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Reproduced with permission from American Bar Association The Business Lawyer (2003) 59 Bus. Law. 313-343. All rights reserved. This information or any portion thereof may not be copied or disseminated in any form or by any means or stored in an electronic database or retrieval system without the express written consent of the American Bar Association.

The Proposed UNCITRAL Convention on Electronic Contracts

John D. Gregory [*]

Introduction
The need for a convention on e-contracts
The scope of an e-contracts convention
   -    International contracts
   -    Virtual goods / digital goods
   -    Other exclusions
   -    Limits on legal effect
General provisions of the draft convention
   -    Signature
   -    Place of business
   -    International interpretation
   -    Location of the parties
The use of electronic communications in international transactions
   -    Basic validity
   -    Intention to offer
   -    Time and place of sending and receiving
   -    Automated transactions
   -    Form requirements
   -    Provision of information
Impact on other international conventions
Additional provision: Incorporation by reference
Conclusion

INTRODUCTION

Electronic commerce was born of electronic data interchange (EDI) and came of age with the popular use of the Internet.[1] As businesses started doing without paper, lawyers began to wonder what would happen to their traditional legal rules and practices based on paper. What of "getting it in writing?" What of signatures? What of originals? How would courts deal with electronic evidence? Further, electronic communications lend themselves readily to cross-border transactions, and with the Internet it can be difficult to know where in the world a corresponding party is located. As a result, there was an early interest in specifying and harmonizing the private law implications of using them.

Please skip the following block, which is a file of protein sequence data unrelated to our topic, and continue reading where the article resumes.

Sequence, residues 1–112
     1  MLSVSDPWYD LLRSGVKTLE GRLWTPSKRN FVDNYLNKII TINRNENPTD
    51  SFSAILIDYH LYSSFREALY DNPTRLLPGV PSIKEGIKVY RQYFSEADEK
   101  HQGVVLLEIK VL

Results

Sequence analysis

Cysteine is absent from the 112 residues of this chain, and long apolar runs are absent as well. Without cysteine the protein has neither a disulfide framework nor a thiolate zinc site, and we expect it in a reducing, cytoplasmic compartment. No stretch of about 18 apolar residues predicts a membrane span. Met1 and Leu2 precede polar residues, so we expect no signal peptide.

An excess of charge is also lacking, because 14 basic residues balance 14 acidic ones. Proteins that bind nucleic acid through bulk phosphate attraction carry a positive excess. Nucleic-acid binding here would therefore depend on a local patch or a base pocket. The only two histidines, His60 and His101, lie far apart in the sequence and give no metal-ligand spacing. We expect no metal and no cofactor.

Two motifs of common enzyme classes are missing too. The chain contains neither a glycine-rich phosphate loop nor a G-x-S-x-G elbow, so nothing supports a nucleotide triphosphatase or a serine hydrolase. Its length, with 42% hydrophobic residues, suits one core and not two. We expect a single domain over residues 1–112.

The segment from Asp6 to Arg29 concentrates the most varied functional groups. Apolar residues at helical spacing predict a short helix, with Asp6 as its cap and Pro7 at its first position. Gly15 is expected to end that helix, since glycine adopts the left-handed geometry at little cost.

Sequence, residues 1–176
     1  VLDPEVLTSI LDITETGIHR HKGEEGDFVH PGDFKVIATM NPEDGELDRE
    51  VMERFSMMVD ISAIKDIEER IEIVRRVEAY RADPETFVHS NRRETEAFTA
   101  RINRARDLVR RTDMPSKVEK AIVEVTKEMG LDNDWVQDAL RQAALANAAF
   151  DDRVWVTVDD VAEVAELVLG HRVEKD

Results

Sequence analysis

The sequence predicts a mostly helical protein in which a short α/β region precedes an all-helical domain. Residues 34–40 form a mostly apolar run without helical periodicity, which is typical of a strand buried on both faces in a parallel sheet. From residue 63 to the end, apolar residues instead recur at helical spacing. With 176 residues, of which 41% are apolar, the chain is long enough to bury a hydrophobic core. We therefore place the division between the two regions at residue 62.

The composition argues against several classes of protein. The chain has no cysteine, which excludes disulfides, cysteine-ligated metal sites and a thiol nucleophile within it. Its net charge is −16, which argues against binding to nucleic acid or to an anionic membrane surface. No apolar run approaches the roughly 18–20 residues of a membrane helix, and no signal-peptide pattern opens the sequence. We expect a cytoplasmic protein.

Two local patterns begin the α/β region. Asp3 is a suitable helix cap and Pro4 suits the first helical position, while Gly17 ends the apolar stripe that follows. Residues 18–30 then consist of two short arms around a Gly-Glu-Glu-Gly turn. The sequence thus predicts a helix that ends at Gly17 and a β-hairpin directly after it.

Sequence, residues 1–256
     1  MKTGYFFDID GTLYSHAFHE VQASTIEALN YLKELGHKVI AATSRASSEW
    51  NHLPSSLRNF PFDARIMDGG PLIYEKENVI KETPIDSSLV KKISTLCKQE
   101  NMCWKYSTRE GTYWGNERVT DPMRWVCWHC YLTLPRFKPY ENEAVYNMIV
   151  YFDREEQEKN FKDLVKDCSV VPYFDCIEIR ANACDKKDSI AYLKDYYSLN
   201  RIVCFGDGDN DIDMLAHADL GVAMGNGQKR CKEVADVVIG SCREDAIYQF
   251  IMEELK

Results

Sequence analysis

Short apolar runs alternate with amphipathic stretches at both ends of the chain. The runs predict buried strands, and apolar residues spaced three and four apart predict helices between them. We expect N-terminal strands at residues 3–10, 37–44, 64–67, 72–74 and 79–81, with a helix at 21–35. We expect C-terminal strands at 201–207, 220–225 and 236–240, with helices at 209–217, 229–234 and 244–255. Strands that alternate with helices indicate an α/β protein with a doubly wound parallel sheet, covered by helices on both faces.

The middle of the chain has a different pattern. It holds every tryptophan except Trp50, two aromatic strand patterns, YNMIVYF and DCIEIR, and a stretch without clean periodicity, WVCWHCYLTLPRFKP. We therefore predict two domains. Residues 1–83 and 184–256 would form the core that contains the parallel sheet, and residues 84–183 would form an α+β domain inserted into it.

The United Nations Commission on International Trade Law (UNCITRAL),[2] arguably the premier global source of commercial law reform, addressed its attention to the topic in the early 1980s.[3] It reviewed the legal response of member states to electronic communications and urged them to adapt their legislative regimes to the new practices. In particular it urged attention to questions of electronic evidence, which is understandable, since at the time electronic databases were more common than actual electronic transactions.

Subsequently, in the early 1990s, it developed a coherent set of legal responses to the principal questions posed by e-commerce, to remove barriers that traditional legal rules tended to pose to the new practices. The Model Law on Electronic Commerce (MLEC),[4] finally adopted in 1996, has been very influential around the world in providing a legal basis for commercial use of electronic communications.[5] Its basic principle is non-discrimination: electronic communications (which it calls data messages) may not be denied legal effect solely because they are electronic.[6] (There may of course be other reasons to deny them legal effect, but not just the medium of communications). It then sets out electronic "functional equivalents" to traditional legal rules requiring paper, so that data messages may have the same legal effect. For example, a legal requirement that information be in writing may be satisfied if the electronic record is accessible so as to be usable for subsequent reference.[7] Other provisions of the MLEC will be mentioned in the context of the proposed e-contract Convention in this Article.